Books by Charles Fergus

Released: Aug. 1, 1998

A compelling mix of adventure, travel, natural history, and emotional recovery set against the exotic backdrop of an Icelandic summer. Nine months after his mother was stabbed to death by an intruder, Fergus retreated to Iceland for a healing season with his wife and 8-year-old son in a rudimentary sea cottage they called Little Lava. The solitude and privation (it's reachable only by crossing a lava field and tidal flats, and then only at low tide; there's no running water or electricity) are just what he needs to rebuild his life. Though he comes to terms with his mother's death, the emotional rapprochement takes place offstage, and grief remains a subtext. The real focus is Iceland itself. For Fergus, a sportsman and naturalist (Swamp Screamer: At Large with the Florida Panther, 1996; A Rough-Shooting Dog: Reflections from Thick and Uncivil Sorts of Places, 1991), the country is both analogue and anodyne to his grief. "In Iceland I reveled in the emptiness of the land, which reflected the emptiness inside me," he writes, but the oddities of a northern summer (which features 24 hours of daylight and weather by turns harsh and idyllic) and the elemental nature of his accommodations help him to begin functioning again: "Any act, of work or leisure, any untroubled thought, was an achievement. . . . helped draw me out of bleak and mindless lethargy." He spends the interminable days hiking the rugged lava field from which the house takes its name, fishing, mountain climbing, sea kayaking and observing the myriad birds that breed on Iceland's coast. Among his sightings, the discovery of a rare pair of nesting sea eagles stands out. And he evocatively describes Iceland's many volcanoes, its dramatic sagas and bewitching folklore, and the legendary hospitality of its people. No tears, but plenty of convincing testimony to the redemptive powers of nature. (b&w illustrations) Read full book review >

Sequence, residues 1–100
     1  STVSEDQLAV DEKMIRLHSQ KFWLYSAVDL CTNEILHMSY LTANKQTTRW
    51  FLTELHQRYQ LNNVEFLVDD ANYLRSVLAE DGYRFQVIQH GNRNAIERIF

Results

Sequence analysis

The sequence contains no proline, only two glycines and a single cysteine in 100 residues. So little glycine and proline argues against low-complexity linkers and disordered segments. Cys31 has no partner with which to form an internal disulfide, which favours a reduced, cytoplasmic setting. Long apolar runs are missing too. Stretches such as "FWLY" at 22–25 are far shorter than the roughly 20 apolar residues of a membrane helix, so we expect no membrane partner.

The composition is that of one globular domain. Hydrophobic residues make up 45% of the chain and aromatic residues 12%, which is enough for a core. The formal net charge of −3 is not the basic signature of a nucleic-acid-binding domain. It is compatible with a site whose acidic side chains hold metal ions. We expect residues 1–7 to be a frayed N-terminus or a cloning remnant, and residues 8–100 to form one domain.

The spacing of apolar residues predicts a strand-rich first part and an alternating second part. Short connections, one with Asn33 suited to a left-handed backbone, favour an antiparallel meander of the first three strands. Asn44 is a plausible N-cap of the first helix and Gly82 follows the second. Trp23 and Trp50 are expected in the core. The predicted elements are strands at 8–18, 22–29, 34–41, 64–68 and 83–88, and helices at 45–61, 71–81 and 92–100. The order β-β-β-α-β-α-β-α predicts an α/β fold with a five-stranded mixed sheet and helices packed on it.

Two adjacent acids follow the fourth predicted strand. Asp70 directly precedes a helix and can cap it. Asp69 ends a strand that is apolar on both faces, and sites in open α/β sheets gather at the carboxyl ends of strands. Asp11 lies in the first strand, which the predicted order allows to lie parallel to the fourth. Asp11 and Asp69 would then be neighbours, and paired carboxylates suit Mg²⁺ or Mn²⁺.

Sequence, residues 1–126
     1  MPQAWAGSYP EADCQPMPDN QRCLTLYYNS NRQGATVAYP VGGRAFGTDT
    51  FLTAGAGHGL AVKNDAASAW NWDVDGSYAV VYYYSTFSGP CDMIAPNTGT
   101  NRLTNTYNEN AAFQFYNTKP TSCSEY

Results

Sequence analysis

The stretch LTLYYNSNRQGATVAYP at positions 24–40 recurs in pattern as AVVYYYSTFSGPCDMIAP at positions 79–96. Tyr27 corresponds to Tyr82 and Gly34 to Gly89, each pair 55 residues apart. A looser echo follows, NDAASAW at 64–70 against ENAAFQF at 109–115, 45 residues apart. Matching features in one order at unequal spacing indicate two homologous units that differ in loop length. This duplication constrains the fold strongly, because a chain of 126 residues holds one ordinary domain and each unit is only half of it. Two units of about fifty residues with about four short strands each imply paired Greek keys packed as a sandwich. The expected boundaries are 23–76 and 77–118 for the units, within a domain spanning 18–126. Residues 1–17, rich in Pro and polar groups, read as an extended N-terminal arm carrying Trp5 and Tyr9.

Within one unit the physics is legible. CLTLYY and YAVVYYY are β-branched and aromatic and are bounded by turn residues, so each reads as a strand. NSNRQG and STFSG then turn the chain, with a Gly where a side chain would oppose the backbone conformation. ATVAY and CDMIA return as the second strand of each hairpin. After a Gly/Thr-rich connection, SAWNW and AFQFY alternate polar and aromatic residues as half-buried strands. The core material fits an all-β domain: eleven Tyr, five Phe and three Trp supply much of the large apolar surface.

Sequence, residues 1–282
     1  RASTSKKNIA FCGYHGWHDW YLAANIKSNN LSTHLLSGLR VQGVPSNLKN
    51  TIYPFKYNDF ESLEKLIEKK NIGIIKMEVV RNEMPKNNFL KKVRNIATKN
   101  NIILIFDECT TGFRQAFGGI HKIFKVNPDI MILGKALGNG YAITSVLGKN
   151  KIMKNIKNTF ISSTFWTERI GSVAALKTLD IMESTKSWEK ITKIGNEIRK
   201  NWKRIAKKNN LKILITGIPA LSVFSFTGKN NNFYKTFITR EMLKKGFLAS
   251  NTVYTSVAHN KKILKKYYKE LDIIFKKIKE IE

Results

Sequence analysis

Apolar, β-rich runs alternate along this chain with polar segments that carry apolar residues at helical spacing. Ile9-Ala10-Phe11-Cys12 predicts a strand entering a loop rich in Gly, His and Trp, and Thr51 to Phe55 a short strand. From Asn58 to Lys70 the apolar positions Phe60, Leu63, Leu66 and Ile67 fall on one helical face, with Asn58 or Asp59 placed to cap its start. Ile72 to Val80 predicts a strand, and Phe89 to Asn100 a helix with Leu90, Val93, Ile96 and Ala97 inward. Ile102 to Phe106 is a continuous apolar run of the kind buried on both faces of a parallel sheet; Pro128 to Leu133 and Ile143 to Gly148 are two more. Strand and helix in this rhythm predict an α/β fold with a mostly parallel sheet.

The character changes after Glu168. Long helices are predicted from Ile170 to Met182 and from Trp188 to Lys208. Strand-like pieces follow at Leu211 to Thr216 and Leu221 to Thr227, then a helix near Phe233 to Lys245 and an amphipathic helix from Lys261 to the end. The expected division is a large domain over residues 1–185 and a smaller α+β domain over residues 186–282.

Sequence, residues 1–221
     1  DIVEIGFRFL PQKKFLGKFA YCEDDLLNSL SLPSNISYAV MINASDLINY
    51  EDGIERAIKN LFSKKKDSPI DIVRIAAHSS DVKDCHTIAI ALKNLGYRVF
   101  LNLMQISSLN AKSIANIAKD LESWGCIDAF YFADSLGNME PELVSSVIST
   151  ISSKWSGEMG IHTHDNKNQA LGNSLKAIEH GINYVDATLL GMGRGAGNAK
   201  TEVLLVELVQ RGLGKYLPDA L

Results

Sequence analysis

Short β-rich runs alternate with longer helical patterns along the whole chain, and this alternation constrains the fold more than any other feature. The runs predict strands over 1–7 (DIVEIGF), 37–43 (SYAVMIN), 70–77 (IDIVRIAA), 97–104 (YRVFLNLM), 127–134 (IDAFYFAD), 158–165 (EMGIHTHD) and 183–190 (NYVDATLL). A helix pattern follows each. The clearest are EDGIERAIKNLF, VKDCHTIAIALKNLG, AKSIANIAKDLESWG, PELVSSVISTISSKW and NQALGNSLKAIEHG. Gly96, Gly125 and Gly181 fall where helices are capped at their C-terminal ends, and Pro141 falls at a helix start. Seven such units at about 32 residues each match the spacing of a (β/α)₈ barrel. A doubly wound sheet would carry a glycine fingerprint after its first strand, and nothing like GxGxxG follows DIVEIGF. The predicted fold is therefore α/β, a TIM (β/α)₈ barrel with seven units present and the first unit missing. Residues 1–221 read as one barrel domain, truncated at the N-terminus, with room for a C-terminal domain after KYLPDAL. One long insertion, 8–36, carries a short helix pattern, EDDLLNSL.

Released: Jan. 1, 1996

In tones both reportorial and evocative of the shadowy and deadly habits of the Florida panther, Fergus chronicles the efforts of a welter of agencies and individuals to avert the extinction of this creature, which ranks high on the Endangered Species List. Wildlife officials estimate only 50 to 75 adults and kittens- -the majority bearing the inbred characteristics of a cowlick and kinked tail—inhabit the state, mainly in the Everglades and Big Cypress National Preserve. Continually threatened by hunters, cars, encroaching agricultural and residential development, mercury poisoning, and the scarcity of healthy, breeding males, the future of Felis concolor coryi is bleak. Fergus (Shadow Catcher, 1991, etc.) manages to insinuate himself among field biologists, wildlife managers, ranchers, and private preserve owners who offer varying solutions to save this puma subspecies. Possibilities include land acquisitions connecting panther habitats, increasing the population of deer (the favored prey of the panther), captive breeding programs, and introduction of a genetically different subspecies. While this last measure might legally bump the Florida panther off the Endangered Species List as an unfundable hybrid, Fergus argues, ``if it came down to one or the other, was it not better for the subspecies to renew itself with outside blood . . . Subspecies be damned, it was a panther.'' Pleasingly unpedantic, Fergus also relates anecdotal snippets of scrapes between humans and this predator over the last century, introduces readers to the country's most famous panther hunter, and rides with a group of humorously profane Florida cowboys on a ranch in panther country. Fergus's prose is highly descriptive, particularly when, daydreaming at a droning meeting convened by the US Fish and Wildlife Service, he envisions a panther's quiet, muscular stalk through the woods. Concise and comprehensive, this fills an important niche in the environmental compendium of species that face annihilation at the hands of man. Read full book review >